The American League Division Series (best of 5) kicks off Thursday afternoon with Toronto playing at Texas and Thursday evening with Boston opening up against Cleveland.
Let’s take a look at some post-season history of the four teams.
Toronto Blue Jays (def. BAL in AL Wild Card Game)
The Blue Jays have won two World Series going back-to-back a quarter century ago. After a long playoff drought they roared into the post season last year before running out of gas against the Royals in the ALCS.
Texas Rangers (Won AL West, #1 seed)
The Rangers, after failing in three attempts to win a postseason series in the mid 1990s, broke through in 2010 advancing all the way to the World Series. The Rangers won back-to-back AL Pennants, but lost to the Giants and Cardinals.
Boston Red Sox (Won AL East, #3 seed)
The Red Sox overcame 86 years of heartbreak, hand-wringing, and paranoia to win the World Series in 2004. Two more World Series titles (‘07, ‘13) have since been added, yet the hand-wringing and paranoia still lingers.
Cleveland Indians (Won AL Central #2 seed)
The Indians have not won a World Series in nearly 70 years. Starting in 1995, the Indians were postseason participants in 6 out of 7 years, but were never as potent after losing a heartbreaking Game 7 to the Marlins in 1997.
Jose Bautista scarred the Rangers like a vicious subtweet in Game 5 of last years’ ALDS. Jose flipped his bat, and the Rangers flipped out. That was the ending of a bizarre sequence of plays including a fluke scoring play by Rougned Odor, and an inning where the Rangers committed three errors. Flash forward to this year and Odor took exception to an overzealous slide by Bautista. Before you could say “Ned Ryerson!”, Bautista’s glasses were knocked off by an Odor right hand shot to the jaw.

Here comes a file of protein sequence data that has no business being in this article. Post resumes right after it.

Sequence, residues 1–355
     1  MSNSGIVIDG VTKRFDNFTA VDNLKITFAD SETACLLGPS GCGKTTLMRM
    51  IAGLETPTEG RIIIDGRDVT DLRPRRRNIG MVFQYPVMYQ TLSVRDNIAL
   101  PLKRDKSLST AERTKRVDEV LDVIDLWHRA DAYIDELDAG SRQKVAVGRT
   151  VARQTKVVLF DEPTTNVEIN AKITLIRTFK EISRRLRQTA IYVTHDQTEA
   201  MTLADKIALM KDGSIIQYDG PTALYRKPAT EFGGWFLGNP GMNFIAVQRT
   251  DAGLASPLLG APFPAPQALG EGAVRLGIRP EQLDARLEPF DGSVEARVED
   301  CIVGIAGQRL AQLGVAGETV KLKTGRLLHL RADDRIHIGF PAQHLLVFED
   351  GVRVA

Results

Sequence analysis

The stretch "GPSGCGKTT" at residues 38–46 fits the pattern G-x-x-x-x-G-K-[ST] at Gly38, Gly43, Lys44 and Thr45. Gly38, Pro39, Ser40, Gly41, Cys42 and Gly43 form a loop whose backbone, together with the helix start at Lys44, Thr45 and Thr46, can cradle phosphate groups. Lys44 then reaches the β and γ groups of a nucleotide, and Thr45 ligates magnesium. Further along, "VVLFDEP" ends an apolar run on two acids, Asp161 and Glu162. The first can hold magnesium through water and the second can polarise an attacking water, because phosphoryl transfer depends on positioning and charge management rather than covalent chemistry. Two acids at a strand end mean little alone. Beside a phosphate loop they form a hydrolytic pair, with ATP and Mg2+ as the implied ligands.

Theatrics aside, this should be a good series. You have former World Series MVP Cole Hamels paired with Yu Darvish to provide a solid 1-2 punch for the Rangers. Hall of Famer Adrian Beltre is the heart and soul of a scary Rangers lineup. The Rangers were dominant within their own division, finishing 18 games over .500 against the Mariners, Astros, A’s, and Angels. The Blue Jays barely needed fuel to get off the ground after Encarnacion’s walkoff blast to dispatch the Orioles. One thing they won’t avoid in this series, is the Rangers underrated bullpen. Despite pitching in a hitter friendly home park, Jake Diekman, Matt Bush, and Sam Dyson keep the ball in the ballpark when summoned from the pen. Despite their ground ball tendencies, is a pitching staff that doesn’t get hitters to swing and miss enough to make up for a shaky defense (aside from Beltre).
Blue Jays in 4.
This series will be good, but serious injuries to key Indians contributors (Brantley, Carrasco, Salazar) have depleted their roster. Boston came roaring back over a two week stretch in September to firmly establish their identity within the AL East. In case you haven’t heard, David Ortiz is retiring at the end of this season as well.
The matchup also has its roots as far back as 1988. Managers John Farrell and Terry Francona were teammates with… the Cleveland Indians. They won a World Series together with the 2007 Red Sox and when Farrell left to become the manager of Toronto, Francona was gone within a year as well.
The Red Sox have the most balanced team in the American League. 8 of their 9 regular hitters have a higher weighted on base average than league average (Go ahead, look up wOBA). Hanley Ramirez’s defense has been remarkably acceptable, and the pitching staff isn’t nearly as horrific as your local sports talk radio caller would lead you to believe.
The Indians have some of the most fun, exciting, young, unknown talent in the major leagues. Tyler Naquin, Jose Ramirez, and Francisco Lindor should be household names very soon. Mike Napoli, Jason Kipnis, and Carlos Santana are on base machines. This lineup can do a lot of damage quickly.
Boston in 4.
Follow Jason Trask on Twitter @Coach_Trask